Hormone treatment for Prostate cancer
Men with advanced prostate cancer usually receive hormone therapy. In addition, a man with early-stage prostate cancer may have hormone therapy before, during, and after radiation therapy. Hormone therapy may also be used after surgery. Hormone therapy interrupts prostate cells from responding to male hormones (androgens such as testosterone). Male sex hormones can cause prostate cancers to grow.
Types of hormone therapy include:
- A drug that can prevent the testicles from making testosterone (LH-RH agonist)
- A drug that can block the action of male hormones (anti-androgen)
- Surgery to remove the testicles, which are the body’s main source of testosterone
- A drug that can prevent the adrenal glands from making testosterone
Your doctor can help you decide which type of hormone therapy or which combination is best for you.
The side effects of hormone therapy depend on the type used. The most common side effects are erectile dysfunction, hot flushes, and loss of sexual desire. Other possible side effects include breast growth, an increase in body fat around the waist, and an increase in sugar level in your blood. Also, hormone therapy can weaken your bones. Your doctor can suggest medicines that may reduce your risk of breaking a bone.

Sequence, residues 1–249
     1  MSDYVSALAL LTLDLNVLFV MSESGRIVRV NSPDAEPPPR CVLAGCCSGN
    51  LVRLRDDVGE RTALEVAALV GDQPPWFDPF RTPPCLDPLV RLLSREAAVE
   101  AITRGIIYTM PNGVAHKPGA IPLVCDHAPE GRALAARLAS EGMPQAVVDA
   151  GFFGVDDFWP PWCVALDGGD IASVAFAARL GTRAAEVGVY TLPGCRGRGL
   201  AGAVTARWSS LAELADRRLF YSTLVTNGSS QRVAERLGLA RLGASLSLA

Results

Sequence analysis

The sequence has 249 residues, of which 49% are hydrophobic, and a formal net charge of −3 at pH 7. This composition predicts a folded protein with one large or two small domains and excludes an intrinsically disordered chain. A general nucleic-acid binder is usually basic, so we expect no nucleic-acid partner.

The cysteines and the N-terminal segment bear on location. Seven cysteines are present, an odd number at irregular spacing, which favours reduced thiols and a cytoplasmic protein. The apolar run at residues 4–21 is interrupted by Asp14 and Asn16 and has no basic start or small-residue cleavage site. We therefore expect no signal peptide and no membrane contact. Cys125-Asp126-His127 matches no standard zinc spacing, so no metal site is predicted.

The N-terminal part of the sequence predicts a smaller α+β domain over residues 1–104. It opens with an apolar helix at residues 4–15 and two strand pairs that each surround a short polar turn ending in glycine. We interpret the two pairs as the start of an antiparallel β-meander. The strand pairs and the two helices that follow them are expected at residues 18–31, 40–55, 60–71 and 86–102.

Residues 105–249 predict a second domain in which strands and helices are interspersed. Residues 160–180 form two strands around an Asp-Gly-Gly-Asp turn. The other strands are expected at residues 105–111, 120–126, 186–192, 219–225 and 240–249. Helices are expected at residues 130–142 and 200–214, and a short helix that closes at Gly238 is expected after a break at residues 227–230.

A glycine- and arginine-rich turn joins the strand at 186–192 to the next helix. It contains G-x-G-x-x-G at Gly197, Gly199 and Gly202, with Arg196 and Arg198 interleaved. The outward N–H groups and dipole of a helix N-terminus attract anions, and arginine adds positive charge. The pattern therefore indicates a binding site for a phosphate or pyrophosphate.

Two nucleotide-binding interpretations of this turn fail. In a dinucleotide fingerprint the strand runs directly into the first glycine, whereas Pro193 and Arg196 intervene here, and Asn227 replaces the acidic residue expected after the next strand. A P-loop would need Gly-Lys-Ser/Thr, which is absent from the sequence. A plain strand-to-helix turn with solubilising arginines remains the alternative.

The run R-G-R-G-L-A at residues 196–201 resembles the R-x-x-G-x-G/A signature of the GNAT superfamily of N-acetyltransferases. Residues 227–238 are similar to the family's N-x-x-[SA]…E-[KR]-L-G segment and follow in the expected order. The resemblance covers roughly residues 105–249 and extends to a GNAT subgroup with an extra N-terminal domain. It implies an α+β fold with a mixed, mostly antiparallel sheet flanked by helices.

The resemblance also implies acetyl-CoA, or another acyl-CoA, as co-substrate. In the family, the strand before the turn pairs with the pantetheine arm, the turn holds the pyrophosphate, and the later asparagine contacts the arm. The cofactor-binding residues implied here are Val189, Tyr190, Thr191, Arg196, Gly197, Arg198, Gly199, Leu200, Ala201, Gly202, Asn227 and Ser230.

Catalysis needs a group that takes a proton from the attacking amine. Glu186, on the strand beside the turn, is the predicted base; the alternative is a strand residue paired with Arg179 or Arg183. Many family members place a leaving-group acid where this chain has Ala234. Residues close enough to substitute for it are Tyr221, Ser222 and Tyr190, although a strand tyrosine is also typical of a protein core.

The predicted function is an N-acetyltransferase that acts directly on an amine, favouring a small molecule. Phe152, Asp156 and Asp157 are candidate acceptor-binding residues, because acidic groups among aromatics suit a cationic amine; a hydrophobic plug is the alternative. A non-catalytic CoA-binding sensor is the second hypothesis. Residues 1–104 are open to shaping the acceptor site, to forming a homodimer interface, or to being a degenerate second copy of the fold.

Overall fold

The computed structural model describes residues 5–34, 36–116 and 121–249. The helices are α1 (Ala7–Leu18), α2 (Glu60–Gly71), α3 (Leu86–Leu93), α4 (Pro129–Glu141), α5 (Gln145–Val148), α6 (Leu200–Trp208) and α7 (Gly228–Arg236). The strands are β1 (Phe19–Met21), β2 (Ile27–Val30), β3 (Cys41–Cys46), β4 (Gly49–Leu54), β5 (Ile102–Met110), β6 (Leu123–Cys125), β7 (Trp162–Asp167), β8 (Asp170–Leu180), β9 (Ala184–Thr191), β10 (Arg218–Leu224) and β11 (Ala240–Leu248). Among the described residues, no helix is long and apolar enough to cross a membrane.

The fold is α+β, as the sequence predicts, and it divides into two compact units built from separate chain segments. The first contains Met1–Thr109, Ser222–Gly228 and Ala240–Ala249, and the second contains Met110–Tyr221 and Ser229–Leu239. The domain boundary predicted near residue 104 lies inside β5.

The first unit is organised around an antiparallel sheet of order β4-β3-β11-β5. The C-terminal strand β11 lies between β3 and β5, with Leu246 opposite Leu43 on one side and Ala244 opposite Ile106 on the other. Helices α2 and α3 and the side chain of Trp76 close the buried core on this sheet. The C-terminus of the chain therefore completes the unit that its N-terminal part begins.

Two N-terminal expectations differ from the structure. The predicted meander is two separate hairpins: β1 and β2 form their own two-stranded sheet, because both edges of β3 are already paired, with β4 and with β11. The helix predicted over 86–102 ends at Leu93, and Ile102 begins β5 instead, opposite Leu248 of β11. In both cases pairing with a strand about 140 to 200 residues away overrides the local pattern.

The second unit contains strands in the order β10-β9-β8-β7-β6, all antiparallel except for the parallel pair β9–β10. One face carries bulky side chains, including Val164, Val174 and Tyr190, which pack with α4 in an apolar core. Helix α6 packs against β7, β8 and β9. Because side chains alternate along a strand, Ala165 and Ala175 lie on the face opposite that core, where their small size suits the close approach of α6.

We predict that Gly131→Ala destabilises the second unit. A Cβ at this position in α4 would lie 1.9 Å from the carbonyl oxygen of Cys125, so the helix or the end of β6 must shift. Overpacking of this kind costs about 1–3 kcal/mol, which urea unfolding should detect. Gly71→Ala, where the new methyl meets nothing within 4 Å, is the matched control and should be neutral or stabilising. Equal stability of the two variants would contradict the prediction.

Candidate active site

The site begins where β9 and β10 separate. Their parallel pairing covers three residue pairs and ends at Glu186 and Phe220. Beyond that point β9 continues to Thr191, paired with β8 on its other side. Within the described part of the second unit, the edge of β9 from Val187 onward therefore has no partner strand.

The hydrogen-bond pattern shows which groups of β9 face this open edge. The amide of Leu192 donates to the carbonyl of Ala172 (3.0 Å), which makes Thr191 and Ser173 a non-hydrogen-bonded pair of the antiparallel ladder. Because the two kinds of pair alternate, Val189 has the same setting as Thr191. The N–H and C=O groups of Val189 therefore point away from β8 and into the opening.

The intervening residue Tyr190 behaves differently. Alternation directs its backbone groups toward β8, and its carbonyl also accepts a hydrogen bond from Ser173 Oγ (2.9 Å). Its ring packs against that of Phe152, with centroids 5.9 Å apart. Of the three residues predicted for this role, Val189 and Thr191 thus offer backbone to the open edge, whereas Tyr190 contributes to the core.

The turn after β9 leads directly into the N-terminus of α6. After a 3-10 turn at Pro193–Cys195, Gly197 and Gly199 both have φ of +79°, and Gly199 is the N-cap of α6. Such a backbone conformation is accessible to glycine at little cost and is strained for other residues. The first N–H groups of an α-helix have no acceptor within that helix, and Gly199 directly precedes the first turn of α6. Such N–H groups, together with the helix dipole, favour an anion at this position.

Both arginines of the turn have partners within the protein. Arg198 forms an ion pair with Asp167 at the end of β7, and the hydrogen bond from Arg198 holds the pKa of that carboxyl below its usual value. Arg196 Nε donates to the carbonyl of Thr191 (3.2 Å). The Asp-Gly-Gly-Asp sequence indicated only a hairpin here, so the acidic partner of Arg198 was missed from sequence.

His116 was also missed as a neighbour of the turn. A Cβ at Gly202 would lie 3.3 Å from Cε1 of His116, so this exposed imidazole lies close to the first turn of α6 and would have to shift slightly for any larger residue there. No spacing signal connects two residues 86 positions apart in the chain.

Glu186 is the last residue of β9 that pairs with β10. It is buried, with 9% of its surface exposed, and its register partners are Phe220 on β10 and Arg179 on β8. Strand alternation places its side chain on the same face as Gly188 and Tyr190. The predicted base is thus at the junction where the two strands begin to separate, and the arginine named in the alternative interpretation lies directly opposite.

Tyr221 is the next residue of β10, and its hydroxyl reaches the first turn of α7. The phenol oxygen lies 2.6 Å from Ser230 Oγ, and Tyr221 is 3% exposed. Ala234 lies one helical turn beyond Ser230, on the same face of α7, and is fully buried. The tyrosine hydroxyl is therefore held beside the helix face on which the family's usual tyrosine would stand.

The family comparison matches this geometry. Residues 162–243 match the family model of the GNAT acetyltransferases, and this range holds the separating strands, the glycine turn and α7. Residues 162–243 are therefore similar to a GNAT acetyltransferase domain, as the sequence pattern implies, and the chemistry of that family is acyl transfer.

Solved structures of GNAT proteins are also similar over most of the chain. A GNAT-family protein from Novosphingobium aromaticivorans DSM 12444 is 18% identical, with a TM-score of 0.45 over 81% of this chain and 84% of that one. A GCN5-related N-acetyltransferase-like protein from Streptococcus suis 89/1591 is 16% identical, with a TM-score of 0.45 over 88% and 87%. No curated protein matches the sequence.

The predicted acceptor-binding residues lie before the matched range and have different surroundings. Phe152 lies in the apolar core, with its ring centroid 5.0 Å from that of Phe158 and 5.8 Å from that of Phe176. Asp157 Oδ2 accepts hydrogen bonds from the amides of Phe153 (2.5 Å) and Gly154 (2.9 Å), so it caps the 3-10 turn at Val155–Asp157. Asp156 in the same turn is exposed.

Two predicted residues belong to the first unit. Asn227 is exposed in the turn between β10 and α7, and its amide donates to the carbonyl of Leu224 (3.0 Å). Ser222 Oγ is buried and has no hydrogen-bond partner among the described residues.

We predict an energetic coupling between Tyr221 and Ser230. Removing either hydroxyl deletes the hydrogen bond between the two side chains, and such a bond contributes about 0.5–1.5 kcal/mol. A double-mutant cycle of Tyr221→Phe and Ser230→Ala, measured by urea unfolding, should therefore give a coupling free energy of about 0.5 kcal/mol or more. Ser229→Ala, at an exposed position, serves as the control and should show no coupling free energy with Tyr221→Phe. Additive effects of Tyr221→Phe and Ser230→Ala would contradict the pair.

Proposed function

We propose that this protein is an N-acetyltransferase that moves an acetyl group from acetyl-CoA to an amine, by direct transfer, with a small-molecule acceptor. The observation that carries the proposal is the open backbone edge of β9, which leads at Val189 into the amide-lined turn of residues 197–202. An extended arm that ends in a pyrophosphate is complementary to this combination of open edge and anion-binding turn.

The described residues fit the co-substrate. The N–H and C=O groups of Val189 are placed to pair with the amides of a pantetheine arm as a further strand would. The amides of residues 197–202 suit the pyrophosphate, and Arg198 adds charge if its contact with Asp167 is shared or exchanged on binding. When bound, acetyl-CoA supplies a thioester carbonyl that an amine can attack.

An LH-RH agonist may make pain and other symptoms worse at first. This temporary problem is called a flare. To prevent a flare, your doctor may give you an anti-androgen before receiving the LH-RH agonist.
Although the side effects of hormone therapy may be upsetting, your health care team can suggest ways to manage them.
Chemotherapy may be used for men with advanced prostate cancer. Chemotherapy uses drugs to kill cancer cells. The drugs for prostate cancer are usually given directly into a vein (intravenously). You may receive chemotherapy in a clinic, at the doctor’s office, or at home. Men rarely need to stay in the hospital during treatment.
The side effects depend mainly on which drugs are given and how much. Chemotherapy kills fast-growing cancer cells, but the drugs can also harm normal cells that divide rapidly.